‘Cause the spooks are in the white house and they’ve justified a war
So wake me when they notify we’re gonna fight some more

Goodness gracious, not many people care
Concern is getting scarcer, true compassion really rare
I can see it on our faces, i can feel it in the air
Goodness gracious me

Goodness gracious, my generation’s lost
They burned down all our bridges before we had a chance to cross
Is it the winter of our discontent or just an early frost?

Goodness gracious, of apathy i sing
The babyboomers had it all and wasted everything
Now recess is almost over and they won’t get off the swing

Goodness gracious, we came in at the end
No sex that isn’t dangerous, no money left to spend
We’re the cleanup crew for parties we were too young to attend
Goodness gracious me [repeat]

Goodness gracious my grandma used to say
The world’s a scary place now, things were different in her day
What horrors will be commonplace when my hair starts to grey?

I’d love to know what you think of these lyrics and the Federal Reserve’s report.he years for Generation X are 1961 to 1981.

    Comments

    1. says

      Sobering words from MIC. And, I’m afraid he might be right. I have no idea how all this is going to end, but I’m considering a garden not only in my backyard, but the front as well. I’ll need to use all the real estate I have…ugh.

    2. says

      holy mac jen …..I just read those figures to MIC and his was response was that the US is screwed :(

      those figures freak me out … As for us our state is paying $15m a day in interest WTF ?? some smarty said the govt could sell off the assets … what assets … the road network, the gutters, the schools … please give me a break – love you le xox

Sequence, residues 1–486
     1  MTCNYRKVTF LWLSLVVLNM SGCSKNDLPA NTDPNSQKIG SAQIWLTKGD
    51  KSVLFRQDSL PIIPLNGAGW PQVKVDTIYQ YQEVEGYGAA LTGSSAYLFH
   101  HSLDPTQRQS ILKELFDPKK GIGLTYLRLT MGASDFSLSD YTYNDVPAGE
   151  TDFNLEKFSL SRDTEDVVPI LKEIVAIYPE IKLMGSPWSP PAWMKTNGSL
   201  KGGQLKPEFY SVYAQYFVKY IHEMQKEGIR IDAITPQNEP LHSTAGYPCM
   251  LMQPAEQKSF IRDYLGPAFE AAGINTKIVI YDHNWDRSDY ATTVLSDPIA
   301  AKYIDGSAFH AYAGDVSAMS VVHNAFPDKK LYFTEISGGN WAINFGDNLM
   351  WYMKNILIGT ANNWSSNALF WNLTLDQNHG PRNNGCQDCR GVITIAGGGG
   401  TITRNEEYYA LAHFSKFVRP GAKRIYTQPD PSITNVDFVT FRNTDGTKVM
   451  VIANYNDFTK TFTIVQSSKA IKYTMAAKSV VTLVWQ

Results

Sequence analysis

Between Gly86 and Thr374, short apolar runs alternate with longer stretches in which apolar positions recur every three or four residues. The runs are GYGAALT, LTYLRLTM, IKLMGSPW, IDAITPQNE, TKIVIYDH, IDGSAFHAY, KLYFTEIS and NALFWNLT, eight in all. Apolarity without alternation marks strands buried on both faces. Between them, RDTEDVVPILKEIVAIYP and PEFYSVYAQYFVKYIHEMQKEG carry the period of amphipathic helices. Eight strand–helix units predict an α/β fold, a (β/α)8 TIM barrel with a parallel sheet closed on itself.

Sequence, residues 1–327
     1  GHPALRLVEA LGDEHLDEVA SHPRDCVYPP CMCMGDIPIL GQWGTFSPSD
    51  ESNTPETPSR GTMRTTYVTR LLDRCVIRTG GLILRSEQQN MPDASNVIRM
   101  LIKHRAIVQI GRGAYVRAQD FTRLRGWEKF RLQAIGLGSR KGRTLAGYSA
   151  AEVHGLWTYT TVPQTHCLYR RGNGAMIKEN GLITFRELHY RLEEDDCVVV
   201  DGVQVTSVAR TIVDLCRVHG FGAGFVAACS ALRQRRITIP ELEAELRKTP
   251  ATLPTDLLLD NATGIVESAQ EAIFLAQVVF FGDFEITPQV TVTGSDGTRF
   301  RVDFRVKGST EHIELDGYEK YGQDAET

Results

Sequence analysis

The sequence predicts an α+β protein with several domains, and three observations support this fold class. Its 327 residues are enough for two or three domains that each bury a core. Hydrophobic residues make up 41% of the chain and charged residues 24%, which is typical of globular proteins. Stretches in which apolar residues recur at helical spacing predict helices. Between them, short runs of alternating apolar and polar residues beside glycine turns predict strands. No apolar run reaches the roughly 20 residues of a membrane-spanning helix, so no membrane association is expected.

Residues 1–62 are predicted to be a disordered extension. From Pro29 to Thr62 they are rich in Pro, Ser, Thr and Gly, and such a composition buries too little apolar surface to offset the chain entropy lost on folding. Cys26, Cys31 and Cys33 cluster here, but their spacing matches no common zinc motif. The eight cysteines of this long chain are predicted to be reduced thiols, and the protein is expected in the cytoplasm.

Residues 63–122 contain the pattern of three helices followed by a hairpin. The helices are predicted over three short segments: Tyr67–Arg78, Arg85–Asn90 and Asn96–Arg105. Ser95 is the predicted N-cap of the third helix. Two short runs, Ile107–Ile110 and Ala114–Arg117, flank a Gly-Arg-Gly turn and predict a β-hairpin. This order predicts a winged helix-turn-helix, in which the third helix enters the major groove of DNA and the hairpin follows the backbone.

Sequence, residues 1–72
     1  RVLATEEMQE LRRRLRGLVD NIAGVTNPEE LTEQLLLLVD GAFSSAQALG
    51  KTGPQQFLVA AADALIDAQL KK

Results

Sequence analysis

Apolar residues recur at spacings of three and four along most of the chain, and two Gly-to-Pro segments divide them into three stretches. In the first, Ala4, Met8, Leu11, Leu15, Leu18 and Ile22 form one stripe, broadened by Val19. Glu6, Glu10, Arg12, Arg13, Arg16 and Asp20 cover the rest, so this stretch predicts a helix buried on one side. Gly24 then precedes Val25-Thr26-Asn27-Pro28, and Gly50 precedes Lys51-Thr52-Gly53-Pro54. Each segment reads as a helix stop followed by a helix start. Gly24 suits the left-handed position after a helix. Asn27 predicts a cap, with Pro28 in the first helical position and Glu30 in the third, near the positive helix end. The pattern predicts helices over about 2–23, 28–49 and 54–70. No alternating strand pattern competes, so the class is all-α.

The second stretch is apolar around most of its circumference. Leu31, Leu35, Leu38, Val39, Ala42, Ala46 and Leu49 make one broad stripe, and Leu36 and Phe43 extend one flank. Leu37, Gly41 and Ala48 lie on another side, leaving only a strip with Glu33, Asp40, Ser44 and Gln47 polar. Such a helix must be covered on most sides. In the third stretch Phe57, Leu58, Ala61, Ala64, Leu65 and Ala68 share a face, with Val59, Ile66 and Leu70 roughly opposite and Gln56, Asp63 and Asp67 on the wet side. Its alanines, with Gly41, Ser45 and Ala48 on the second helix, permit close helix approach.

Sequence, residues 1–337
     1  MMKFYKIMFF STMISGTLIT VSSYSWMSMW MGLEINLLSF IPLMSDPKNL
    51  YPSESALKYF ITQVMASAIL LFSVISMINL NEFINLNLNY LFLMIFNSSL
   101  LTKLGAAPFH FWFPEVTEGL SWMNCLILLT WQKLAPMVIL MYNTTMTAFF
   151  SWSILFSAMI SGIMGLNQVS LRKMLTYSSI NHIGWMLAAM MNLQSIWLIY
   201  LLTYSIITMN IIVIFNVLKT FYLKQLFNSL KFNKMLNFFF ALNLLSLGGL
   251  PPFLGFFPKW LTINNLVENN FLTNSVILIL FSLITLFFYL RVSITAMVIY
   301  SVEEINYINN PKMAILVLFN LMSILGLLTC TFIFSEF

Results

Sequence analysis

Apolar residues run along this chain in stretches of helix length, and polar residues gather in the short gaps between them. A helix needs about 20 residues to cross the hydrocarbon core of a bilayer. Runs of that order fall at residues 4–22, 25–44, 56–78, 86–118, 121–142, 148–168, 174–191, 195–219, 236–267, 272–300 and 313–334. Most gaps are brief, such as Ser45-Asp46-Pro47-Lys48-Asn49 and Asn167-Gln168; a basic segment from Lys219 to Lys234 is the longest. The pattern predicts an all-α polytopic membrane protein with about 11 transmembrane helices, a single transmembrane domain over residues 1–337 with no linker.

3. says

      Oh, it’s a good day when Andi and ToB both comment. =)

      @ANDI – Can’t believe you met Kevin Gilbert. I’d completely forgotten about him until I read that piece by Maria Pantaritis on Philly.com. Someone had quoted a line from the song. In five years of blogging about Gen X I haven’t thought of him, but I do remember that song. I can imagine that about Sheryl Crow. Some of him stuff has been released posthumously, so I’m going to pay him and his creative genius a return visit. RIP Kevin Gilbert. His death was awful and bizarre. Thanks for sharing such a cool story.

      @ToB – Some of the comments about Xers on the Philly.com article by Boomers were terrible. I was going to quote some, but they disappeared overnight before I’d captured them. And, while we’re on the subject of the economy, I can not believe what is happening in Europe…this financial catacylsm reaches far beyond sea-to-shining sea. Thanks, as always, for your comment.

    4. says

      I had the honor and the pleasure to get to know Kevin Gilbert a little bit (and I got to meet Sheryl Crow who had not had the dramatic make-over she has now let me tell you). My boyfriend in college took guitar lessons from a friend of Toy Matinee and we spent a weekend in a recording session with them in LA. Then we saw them play in the Bay Area a couple of times. I was always, always struck by the lyrics of their songs and played their tape and/or CD in my car all the time. As far as the Fed Report, not good news, did these kind of drops plague other generations in previous decades?